Unlocking the Queer in Me: my journey from Goldstar lesbian to all embracing queer

Posted on January 12, 2012


Written by Avery Parks (also known as “Friend 2” in “Will Lesbian ever stop being a dirty word?”)

I now identify as ‘queer’ and I’m completely at ease with this description of myself. When I first came out I identified as ‘gay’. That was when I was 14 years old. When I got to university at the tender age of 18, I still identified as ‘gay’ but would qualify it often by saying, ‘I am a gay woman’, because it was important to me that people knew that I was identifying not only as homosexual but with my gender. Let me qualify what I mean by that in terms of my gender identity. As an adult I identify as female but as a child I identified far more with male. I wanted to be a boy but having since looked back and analysed this, it was more a case of trying to break out of a very strict, very narrow and prescribed socially constructed gender ideal of female. I wanted to wear boys clothes because I hated girls clothes. Boys seemed to have more fun and do more adventurous things and I wanted a piece of the action. I have since discovered feminism and have identified with myself as a female struggling against the impacts of patriarchy. I now live happily and strongly as a female. That is a quite a short summary of a big identity journey in my life, but I want this article to be focused on what I see as my queer identity. I’m doing this because I think in the UK we have not grasped the freedom that inherently exists in queerness. Let me explain…

I now identify as ‘queer’ when describing my sexuality, however I find that people often have questions over this; they don’t comprehend the description and would prefer me to use a more distinct categorisation, such as ‘lesbian’. I don’t altogether mind this request – not because I acquiesce to it by providing a more simplistic, rigid description of my sexuality –but because I get a chance to explain what I mean by ‘queer’.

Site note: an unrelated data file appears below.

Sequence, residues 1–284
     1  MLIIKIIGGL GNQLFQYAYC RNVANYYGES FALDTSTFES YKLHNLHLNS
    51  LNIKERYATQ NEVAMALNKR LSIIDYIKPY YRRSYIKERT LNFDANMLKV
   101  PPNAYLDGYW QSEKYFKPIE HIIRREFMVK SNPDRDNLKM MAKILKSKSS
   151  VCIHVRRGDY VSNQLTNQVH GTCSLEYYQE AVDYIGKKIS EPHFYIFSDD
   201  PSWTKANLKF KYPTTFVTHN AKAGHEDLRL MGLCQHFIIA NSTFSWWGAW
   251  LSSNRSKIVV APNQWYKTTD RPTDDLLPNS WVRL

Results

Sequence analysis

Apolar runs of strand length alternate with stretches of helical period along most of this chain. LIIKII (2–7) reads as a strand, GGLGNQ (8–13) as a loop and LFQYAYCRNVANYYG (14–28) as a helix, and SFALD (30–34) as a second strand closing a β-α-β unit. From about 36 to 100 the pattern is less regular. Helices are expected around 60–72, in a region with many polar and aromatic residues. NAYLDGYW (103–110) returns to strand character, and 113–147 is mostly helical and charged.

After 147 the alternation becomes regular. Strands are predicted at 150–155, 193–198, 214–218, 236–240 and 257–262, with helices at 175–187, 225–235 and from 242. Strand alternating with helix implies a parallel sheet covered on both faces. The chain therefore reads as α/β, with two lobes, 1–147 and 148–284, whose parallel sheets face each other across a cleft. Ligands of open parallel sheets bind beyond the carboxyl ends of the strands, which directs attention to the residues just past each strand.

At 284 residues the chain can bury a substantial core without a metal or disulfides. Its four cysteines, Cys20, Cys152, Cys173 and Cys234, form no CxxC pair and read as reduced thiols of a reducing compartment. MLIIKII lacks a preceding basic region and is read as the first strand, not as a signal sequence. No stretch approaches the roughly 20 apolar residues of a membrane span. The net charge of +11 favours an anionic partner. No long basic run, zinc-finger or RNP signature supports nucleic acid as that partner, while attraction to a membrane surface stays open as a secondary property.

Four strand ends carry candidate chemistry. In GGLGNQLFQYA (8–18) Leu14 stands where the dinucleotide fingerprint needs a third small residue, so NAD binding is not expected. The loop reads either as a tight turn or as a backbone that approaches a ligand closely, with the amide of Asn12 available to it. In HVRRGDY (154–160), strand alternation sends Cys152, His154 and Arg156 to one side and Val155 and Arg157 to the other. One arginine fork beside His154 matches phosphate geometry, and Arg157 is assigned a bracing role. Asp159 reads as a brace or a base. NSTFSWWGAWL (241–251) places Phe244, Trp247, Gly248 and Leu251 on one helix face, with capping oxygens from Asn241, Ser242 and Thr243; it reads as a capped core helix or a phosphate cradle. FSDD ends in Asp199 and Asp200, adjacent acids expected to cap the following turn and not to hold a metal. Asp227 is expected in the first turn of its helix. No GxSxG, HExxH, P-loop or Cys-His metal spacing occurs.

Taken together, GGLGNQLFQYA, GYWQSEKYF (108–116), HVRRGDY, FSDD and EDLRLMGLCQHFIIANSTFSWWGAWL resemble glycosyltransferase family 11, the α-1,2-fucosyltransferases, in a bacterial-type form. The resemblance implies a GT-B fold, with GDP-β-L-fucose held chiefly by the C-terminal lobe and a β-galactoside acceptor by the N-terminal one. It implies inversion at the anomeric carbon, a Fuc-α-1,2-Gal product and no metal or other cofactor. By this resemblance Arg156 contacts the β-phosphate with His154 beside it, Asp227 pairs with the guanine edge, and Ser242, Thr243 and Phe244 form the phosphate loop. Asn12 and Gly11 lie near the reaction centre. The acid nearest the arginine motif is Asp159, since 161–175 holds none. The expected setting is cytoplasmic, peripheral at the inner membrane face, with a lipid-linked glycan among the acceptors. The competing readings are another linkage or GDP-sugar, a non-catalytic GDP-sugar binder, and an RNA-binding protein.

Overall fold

I have pre-dominantly remained what many would recognise as a ‘lesbian’ for many years, only having relationships or sleeping with women. I have always been attracted to women. In my childhood I developed affinities ‘wanted to be close’ to specific women. This persisted into my teenage years, and yet it didn’t feel strong until I reached the age of 14. Prior to that I had experimented with kissing and fondling with boys, it was just what was done during those years and how I learned to kiss without bumping noses with someone. After that though, my feelings for women began to become stronger, and more sexually charged. It was quite literally one evening, after a particular experience- I was watching an episode of Bad Girls and saw my first ever intense, loving lesbian kissing scene, got turned on by it and masturbated over it. Before that I had always thought of boys in what I thought was sex and what was supposed to be good. sex. I always felt guilty after getting off like that. THEN when I masturbated over the idea of lesbians, and kissing a woman, I felt so good. There was no guilt and all of a sudden I thought, holy fuck I am gay! That is exactly how it happened that ‘gay’ was my first word in relation to this realisation.